Fun gimmick: Add the word "apparently" to any sentence and it splashes a little sarcasm into the mix.
This is very handy for for social small talk when you need a gently snarky comment. And it is handy when you need to describe a ridiculous experience without blatantly whining.
Take a bike ride we took this week.
It started out as long, easy ride on a beautiful morning. Near its end we treated ourselves to a couple of big blueberry muffins and cafe con leche. We sat at an outdoor table enjoying the restaurant's pleasant garden. We fed muffin crumbs to the sparrows living in the shrubbery. We were having such a great time we didn't notice the rain clouds coming in.
It started to drizzle.
We quickly rolled our bikes to the street, clipped in, and pointed them towards home. Which was about 8 miles and two bridges away. Al took the lead. He set a very brisk pace. It was getting darker. The drizzle was now a light rain. Al kicked the speed up. We started taking turns pulling. The speed kept inching upward. It was about this point that I told Al I had to get on his wheel. I was at my maximum down-the-road speed. I couldn't hold this effort without drafting. He lost me going up over the bridges, but I caught up by pedaling wildly on the descents.
Two miles from home the rain notched up again. Al, not one who enjoys getting wet, pushed the speed up yet again. My heart rate was soaring, my breathing ragged, but I stayed glued to his wheel. I got absurdly happy at intersections, traffic circles, and traffic lights since they briefly slowed us down so I could recover a bit. I unclipped rolling up to our building, hopped off my bike, and pushed it across the slippery painted sidewalk and up the handicapped ramp to the side entrance to our building. We dripped through the elevator lobby, squeezed us and our bikes into an elevator with 6 other people, and headed up to our floor and home.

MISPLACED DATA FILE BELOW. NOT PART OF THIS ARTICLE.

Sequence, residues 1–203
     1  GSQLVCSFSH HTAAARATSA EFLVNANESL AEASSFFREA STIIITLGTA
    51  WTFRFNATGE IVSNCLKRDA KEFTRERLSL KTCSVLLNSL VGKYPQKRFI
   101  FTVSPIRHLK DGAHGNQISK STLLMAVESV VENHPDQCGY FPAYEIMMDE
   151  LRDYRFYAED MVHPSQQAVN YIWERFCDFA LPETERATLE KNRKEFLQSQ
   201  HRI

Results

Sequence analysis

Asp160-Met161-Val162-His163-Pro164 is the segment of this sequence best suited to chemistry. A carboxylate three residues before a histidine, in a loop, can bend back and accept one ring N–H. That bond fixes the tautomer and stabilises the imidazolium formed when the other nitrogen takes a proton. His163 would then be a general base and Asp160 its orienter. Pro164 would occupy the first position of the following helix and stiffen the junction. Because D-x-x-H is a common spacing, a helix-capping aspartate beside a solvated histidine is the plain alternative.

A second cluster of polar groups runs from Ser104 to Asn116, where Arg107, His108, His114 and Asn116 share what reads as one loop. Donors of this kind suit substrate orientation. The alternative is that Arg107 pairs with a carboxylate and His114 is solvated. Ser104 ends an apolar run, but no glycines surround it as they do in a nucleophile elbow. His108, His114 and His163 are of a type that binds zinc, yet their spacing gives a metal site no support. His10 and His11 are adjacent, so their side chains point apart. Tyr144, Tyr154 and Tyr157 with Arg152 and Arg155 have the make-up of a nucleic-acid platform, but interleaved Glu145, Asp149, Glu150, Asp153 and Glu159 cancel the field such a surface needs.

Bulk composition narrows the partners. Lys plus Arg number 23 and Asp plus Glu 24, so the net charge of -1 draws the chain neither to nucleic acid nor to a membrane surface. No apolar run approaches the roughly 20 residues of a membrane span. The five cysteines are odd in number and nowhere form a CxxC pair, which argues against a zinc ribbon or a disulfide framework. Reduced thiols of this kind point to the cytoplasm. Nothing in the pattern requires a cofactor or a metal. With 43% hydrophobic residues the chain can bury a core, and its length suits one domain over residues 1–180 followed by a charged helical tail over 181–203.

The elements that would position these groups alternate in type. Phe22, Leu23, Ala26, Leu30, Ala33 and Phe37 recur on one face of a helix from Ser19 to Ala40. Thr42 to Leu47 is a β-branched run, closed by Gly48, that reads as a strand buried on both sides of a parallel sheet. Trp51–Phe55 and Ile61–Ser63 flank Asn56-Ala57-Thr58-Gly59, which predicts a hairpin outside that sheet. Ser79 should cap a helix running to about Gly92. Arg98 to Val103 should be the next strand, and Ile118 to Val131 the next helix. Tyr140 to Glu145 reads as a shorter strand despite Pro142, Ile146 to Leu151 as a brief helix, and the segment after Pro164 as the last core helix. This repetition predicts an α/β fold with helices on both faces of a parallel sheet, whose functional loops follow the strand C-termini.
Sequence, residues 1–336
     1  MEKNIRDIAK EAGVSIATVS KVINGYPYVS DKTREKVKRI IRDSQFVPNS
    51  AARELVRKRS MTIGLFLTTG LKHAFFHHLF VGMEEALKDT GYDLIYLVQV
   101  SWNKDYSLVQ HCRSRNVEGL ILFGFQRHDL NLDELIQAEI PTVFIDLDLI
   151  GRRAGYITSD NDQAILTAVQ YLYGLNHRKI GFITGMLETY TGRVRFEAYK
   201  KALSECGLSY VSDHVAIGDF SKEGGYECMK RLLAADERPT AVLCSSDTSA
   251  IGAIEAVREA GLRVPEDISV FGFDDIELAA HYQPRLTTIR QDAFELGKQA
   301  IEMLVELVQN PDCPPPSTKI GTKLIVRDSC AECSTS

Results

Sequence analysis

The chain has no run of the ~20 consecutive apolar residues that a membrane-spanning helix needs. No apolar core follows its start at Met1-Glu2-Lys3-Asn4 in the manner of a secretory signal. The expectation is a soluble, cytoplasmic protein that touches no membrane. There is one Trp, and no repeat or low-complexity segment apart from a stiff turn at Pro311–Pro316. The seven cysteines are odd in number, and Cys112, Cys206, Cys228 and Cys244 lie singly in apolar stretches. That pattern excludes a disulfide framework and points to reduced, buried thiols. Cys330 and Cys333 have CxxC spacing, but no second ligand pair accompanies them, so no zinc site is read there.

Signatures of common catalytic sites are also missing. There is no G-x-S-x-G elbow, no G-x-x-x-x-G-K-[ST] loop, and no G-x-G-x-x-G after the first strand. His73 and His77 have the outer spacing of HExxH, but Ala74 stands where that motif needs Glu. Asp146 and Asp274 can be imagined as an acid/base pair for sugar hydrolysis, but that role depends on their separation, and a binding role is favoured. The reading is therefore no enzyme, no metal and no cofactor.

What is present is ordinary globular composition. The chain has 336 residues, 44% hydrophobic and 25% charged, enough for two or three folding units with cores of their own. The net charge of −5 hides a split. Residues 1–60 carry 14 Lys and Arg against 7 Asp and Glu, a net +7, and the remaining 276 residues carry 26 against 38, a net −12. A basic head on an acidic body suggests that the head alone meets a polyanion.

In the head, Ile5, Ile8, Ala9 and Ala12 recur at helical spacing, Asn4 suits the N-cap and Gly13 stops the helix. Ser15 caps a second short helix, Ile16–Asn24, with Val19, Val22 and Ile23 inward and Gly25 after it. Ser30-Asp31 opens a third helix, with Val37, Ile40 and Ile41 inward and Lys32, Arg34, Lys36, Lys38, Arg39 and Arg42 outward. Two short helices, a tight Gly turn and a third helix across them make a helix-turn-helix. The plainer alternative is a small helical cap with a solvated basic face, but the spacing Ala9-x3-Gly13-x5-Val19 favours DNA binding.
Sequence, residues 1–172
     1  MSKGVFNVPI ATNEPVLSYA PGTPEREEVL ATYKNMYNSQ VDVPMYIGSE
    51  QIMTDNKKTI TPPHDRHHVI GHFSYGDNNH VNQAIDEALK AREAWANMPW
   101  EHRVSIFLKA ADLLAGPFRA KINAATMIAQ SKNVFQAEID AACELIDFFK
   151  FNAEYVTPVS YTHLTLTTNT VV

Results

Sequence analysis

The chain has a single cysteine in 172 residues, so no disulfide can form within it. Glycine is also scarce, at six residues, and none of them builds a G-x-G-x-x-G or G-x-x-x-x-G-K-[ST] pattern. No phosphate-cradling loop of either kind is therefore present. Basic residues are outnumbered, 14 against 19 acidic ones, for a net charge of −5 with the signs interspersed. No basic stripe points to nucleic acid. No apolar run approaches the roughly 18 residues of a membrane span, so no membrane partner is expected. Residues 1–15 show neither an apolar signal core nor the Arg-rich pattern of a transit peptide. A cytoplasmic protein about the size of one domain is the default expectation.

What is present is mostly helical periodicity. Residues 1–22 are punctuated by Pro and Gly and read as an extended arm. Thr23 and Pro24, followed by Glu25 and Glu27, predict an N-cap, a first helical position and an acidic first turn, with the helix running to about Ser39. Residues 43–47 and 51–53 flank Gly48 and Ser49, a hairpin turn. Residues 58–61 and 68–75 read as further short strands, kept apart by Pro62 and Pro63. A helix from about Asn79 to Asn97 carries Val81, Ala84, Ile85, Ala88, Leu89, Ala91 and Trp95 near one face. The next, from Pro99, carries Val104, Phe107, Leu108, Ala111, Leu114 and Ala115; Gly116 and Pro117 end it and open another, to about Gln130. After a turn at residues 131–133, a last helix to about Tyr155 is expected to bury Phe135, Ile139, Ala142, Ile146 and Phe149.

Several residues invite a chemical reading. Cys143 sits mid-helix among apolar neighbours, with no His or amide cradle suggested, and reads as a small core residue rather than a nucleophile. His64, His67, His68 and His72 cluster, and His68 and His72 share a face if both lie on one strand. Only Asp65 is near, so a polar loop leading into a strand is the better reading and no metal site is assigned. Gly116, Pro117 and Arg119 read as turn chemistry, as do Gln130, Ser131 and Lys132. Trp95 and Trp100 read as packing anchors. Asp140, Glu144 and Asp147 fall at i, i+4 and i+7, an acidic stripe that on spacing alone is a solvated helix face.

When the elevator doors opened on our floor, we said goodbye to the other people, and rolled the bikes out of the elevator. The elevator doors closed.
"Well, that was a fun ride," Al said smiling widely.
"Yes, our sprinting is apparently improving," I said, feeling water dripping off my helmet and down my nose.